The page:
Jellyfishes, given their physical vulnerability (in that their body is mostly made of water), cannot outmuscle or outfight predators, so they hide.

Their transparent camouflage technique is very efficient in disguising their presence to predators.

Do Jellyfish Turn Colors?

Let us start by establishing that not all jellyfishes can change colors. Specifically, for a jellyfish to change color, it must contain unique micro-organisms called Zooxanthellae.

Zooxanthellae contain chlorophyll, producing visible pigmentation as they reside within the polyps’ tissues. In some cases, they are translucent, taking the color of light that passes through them.

These Zooxanthellae experience color mutations with time. It is this changing pigmentation that appears like the jellyfishes changing color.

Note that even jellyfishes with Zooxanthellae cannot instantaneously change their colors as a chameleon would.

What Adaptations Do Jellyfish Have?

To survive, the jellyfish develops several intelligent adaptations. This cuts through defensive adaptations, movement and feeding adaptations, and even adapting their brain and respiratory systems to their environment.

We have hit a lot on the defensive adaptations in jellyfishes. The stinging tentacles and transparent camouflages are some of jellyfishes’ most prominent defensive adaptations.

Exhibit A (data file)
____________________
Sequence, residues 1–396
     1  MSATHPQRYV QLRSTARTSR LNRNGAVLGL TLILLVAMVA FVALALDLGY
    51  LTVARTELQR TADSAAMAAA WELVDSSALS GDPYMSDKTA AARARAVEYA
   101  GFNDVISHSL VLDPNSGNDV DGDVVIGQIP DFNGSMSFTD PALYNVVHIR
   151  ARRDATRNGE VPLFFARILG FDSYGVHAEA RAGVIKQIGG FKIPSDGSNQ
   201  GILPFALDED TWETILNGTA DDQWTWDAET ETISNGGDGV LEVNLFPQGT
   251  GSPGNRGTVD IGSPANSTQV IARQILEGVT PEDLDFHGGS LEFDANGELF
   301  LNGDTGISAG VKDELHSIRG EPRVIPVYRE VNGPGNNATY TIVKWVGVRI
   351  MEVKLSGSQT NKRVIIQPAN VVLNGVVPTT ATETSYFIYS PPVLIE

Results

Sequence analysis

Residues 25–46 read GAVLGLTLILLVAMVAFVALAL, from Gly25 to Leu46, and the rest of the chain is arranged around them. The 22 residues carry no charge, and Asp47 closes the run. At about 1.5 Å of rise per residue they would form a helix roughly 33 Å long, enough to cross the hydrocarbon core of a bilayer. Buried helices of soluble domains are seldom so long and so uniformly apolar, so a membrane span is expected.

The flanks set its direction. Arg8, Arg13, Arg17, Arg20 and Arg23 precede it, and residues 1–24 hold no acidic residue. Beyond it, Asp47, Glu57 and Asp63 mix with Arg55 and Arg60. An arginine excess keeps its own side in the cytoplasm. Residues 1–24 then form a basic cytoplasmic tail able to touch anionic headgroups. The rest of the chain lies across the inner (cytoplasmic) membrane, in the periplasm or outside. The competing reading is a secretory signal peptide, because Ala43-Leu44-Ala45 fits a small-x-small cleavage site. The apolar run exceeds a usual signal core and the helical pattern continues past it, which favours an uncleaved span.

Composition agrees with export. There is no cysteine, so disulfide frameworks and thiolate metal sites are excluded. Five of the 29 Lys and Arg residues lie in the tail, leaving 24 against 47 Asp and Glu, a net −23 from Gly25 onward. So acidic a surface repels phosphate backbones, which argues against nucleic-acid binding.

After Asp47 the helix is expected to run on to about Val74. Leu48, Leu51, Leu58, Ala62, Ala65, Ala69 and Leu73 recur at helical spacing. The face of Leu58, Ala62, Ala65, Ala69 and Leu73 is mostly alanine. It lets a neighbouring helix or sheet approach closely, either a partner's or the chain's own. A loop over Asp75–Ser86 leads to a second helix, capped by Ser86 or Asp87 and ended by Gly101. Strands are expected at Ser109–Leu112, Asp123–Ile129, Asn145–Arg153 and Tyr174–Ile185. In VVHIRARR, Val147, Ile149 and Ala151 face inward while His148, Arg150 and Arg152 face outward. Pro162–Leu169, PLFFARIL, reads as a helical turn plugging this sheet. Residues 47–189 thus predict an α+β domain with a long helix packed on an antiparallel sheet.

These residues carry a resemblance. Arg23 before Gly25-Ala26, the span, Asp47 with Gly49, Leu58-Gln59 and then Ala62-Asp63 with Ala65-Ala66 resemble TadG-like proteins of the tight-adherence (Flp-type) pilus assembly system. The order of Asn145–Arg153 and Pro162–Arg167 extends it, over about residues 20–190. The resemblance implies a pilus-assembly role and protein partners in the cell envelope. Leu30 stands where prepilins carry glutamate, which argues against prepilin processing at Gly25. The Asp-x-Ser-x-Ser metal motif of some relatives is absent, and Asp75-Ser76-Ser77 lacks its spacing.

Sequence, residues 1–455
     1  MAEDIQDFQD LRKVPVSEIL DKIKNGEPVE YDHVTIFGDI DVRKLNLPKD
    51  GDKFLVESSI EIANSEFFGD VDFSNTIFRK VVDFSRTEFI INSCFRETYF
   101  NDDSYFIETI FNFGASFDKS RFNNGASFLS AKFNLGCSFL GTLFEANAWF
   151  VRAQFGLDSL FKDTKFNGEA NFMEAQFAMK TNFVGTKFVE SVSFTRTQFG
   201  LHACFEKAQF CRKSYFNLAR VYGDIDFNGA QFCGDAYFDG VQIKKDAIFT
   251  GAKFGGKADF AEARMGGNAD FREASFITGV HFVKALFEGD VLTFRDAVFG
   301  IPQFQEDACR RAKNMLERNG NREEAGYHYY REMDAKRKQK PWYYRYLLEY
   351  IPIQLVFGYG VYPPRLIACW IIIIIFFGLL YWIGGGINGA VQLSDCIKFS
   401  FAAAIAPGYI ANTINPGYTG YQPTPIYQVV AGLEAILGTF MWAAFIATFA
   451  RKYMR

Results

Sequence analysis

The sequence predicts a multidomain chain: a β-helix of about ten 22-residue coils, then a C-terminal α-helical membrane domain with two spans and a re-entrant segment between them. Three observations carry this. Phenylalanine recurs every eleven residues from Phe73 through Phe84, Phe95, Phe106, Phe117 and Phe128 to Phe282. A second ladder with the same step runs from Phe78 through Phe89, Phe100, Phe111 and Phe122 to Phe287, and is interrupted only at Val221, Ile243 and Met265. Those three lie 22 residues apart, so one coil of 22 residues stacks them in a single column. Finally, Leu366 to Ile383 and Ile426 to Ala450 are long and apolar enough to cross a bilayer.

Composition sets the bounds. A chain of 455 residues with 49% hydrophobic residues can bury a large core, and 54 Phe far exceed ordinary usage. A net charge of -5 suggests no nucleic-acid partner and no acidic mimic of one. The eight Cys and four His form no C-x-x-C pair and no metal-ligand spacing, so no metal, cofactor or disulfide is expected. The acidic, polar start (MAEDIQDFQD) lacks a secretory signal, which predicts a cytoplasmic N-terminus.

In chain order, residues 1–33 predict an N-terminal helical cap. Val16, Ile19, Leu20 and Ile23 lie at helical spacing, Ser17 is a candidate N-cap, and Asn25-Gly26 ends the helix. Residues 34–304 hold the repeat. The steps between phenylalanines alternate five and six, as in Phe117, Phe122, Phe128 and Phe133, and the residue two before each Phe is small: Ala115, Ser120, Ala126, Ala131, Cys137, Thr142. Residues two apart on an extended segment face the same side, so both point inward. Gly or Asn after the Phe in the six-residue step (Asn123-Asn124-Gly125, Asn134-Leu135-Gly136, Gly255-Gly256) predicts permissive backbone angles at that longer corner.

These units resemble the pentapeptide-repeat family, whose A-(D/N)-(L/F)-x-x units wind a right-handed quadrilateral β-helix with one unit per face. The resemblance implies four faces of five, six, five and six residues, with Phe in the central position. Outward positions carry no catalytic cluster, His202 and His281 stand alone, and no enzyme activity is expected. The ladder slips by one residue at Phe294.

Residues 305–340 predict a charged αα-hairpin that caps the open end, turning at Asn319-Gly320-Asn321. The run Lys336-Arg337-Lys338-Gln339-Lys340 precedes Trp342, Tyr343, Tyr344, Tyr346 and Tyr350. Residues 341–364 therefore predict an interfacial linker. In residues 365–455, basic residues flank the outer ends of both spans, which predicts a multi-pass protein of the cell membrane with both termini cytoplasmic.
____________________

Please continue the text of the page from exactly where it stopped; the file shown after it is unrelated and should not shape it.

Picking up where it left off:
The arctic red jellyfish has a unique defensive adaptation. This jellyfish enters into a symbiotic contract with another fish.

This entails the partner fish staying close to the jellyfish’s tentacles and defending the jellyfish from bigger predators.

For such sentry duties, the jellyfish rewards this fish with small food pieces.

Talking about the feeding adaptations

The jellyfish – despite being pitiably delicate – is not the nicest guy you can find in the water.

To feed, it often has to sting its prey, stunning them into immobility before feeding on them.

Jellyfishes deploy their tentacles regularly in moving food into their mouths.

Adaptations to move

Left to its body shape, the jellyfish doesn’t have the aquatic equilibrium to move through water independently.

To make up for such deficiency, jellyfishes tap into the water current to propel them through water.

This is why most jellyfishes freely float when in water. Floating is relatively simplified for jellyfishes since their body is at least 90% water.

However, some jellyfishes further deploy their bells to facilitate movement. These bells are fitted with muscles.

By strategically contracting and relaxing these bell muscles, such jellyfishes can push themselves through water.

How Do Jellyfish Use Bioluminescence?

There is yet one defensive behavior jellyfishes demonstrate when they perceive danger. This is bioluminescence.

This involves the jellyfish ejecting brilliant light flashes to dazzle the attacking animal creature. Bioluminescence is more prevalent in jellyfish species like comb jellies.

Aside from jellyfishes, siphonophores display such a bioluminescent defense mechanism. Specifically, the latter releases a bulk of glowing particles to distract the predator.

Bioluminescence in jellyfishes arises from energy ejected when chemicals like luciferase and luciferin react together. This extensively differs from light emitted from a light bulb or solar rays.

The luciferin emits substantial energy (consequent to oxidation) after being acted upon by the luciferase catalyst.

The color of the light varies depending on the unique chemical structure of the luciferin and luciferase acting together in the chemical reaction.